Channel 7 here in Boston ran a news segment last night (on May 1, 2006) about a poly triad I'm friends with:
HBO's "Big Love" is making a big splash on TV, focusing on a family with one man, three wives and a whole bunch of kids.
And you don't have to leave Massachusetts to find more adults than you'd expect under one roof.
This attorney, computer expert, and physicist say three is definitely not a crowd.
"I'm one of a triad, as we call it, a three person intentional family; three adults and two children."
The three, who didn't want to show their faces, say they have been living as a husband, wife and wife for more than ten years. All they're missing is marriage certificates. . . . They share custody of their 4-year-old twins, they share a mortgage, and they share each other's beds. . . .
"The point is to have a community in your household of people who are very closely emotionally committed. It's not to have sex with a lot of people. You don't need a committed relationship for that at all."
Read the transcript and watch the video.
The backstory began a few weeks ago, when a Channel 7 producer called a local sex-positive activist and asked how to find a poly family with kids to go on a show. A call went out on the local poly lists, but at first the only people willing were individuals. So the producer canceled the idea but then the three folks featured in the show decided to take the plunge, as long as their identities were not displayed.
"We all talked to the producer on the phone," writes one, "and she undertook to protect our privacy and she did. She and a cameraman spent an afternoon at our house, asking questions and filming. The producer was very pleasant and personable and kept exclaiming, 'Oh, I could NEVER do that!' in an admiring way.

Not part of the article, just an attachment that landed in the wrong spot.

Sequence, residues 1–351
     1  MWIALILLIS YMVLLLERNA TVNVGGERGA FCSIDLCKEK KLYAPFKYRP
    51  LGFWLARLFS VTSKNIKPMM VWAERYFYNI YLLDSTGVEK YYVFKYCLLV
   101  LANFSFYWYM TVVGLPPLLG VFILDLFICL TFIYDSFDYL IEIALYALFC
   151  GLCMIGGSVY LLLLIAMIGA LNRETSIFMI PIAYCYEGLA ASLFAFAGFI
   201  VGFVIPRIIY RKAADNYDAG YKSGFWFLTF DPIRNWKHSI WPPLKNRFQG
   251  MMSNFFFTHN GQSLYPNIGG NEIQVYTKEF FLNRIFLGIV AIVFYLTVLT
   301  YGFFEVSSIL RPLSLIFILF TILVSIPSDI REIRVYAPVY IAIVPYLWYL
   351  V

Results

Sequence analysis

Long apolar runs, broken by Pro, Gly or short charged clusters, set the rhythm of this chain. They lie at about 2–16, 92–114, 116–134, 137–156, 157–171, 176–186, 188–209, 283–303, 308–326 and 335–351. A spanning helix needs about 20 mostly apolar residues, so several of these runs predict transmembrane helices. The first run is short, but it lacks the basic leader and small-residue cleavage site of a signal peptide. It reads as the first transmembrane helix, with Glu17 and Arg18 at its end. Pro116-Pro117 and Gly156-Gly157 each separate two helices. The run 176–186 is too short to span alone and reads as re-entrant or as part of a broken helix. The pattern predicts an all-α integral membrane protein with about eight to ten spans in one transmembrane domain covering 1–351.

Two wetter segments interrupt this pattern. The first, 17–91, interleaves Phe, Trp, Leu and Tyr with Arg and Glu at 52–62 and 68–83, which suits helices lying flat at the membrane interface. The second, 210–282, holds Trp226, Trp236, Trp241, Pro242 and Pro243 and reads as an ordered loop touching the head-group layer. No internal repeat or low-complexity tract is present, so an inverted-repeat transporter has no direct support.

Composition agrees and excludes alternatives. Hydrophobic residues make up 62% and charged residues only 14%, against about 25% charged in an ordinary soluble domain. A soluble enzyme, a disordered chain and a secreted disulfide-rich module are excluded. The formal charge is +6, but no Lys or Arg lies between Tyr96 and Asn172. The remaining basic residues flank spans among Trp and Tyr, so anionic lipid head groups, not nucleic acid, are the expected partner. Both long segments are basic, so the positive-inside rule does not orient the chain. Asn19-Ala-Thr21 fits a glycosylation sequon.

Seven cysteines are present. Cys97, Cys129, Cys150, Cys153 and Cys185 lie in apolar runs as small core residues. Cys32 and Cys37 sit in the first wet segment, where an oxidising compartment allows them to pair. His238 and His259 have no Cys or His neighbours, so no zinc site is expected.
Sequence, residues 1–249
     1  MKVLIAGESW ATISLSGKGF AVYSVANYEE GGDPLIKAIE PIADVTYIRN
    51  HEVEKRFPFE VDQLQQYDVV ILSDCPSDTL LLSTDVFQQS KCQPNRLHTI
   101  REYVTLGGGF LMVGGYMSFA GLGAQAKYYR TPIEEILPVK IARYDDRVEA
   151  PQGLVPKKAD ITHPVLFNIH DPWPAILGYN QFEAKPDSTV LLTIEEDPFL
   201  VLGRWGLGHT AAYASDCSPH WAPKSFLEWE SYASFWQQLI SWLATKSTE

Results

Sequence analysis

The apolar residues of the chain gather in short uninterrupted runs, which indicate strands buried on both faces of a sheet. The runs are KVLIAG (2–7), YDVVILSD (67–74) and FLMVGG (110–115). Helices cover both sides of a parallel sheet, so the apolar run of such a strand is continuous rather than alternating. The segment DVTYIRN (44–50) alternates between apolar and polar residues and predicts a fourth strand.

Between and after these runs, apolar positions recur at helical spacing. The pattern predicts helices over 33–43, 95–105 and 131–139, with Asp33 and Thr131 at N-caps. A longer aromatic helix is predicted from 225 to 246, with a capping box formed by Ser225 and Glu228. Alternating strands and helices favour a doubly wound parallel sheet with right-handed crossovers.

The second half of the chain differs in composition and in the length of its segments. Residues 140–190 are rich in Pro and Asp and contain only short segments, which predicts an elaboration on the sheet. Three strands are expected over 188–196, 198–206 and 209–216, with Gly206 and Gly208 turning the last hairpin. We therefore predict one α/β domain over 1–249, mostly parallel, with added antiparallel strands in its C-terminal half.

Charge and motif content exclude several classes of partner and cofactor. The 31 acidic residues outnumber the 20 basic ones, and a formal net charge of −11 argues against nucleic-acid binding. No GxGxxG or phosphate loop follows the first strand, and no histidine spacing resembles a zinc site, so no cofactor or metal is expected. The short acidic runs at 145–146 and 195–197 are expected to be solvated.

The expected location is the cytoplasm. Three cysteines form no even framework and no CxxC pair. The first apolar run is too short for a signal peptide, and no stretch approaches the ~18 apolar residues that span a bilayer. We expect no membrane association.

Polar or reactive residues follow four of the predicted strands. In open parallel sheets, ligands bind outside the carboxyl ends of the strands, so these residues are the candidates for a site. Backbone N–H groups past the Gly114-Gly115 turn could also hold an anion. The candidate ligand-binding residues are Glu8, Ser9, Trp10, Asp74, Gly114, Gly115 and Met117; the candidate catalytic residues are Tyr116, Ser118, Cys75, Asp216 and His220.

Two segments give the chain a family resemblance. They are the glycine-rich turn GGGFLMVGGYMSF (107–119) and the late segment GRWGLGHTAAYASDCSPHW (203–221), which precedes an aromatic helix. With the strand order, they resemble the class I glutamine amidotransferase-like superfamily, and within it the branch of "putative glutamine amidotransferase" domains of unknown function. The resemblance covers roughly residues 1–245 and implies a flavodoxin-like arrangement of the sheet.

"They used probably one percent of the sound bites they taped. Not the best ones either, I don't think."
The three volunteered for this mission, she continues, because "We think it is important that multi-partner relationships be normalized in the public mind." But especially with two 4-year-olds, they decided that staying anonymous was best for them. They are out to friends, church, and their town community.
Two points I might add:
If you go on TV news, remember that only a few sound bites out of everything you say will get aired. So decide on your sound bites beforehand, and say them over and over while being interviewed. Read the National Coalition for Sexual Freedom's first-rate advice for appearing in the media.
Second: We need lots more polyfolk willing to do this! Most who've appeared in the mass media lately are either people I personally know, have met at a conference, or have corresponded with. That's much too small a universe to draw from.
The good news is that there's a huge untapped reservoir of personable, articulate polyfolk who, as soon as they spill out of the closet, are poised to boost awareness and acceptance immeasurably. Remember how it seemed to happen all at once in the gay community?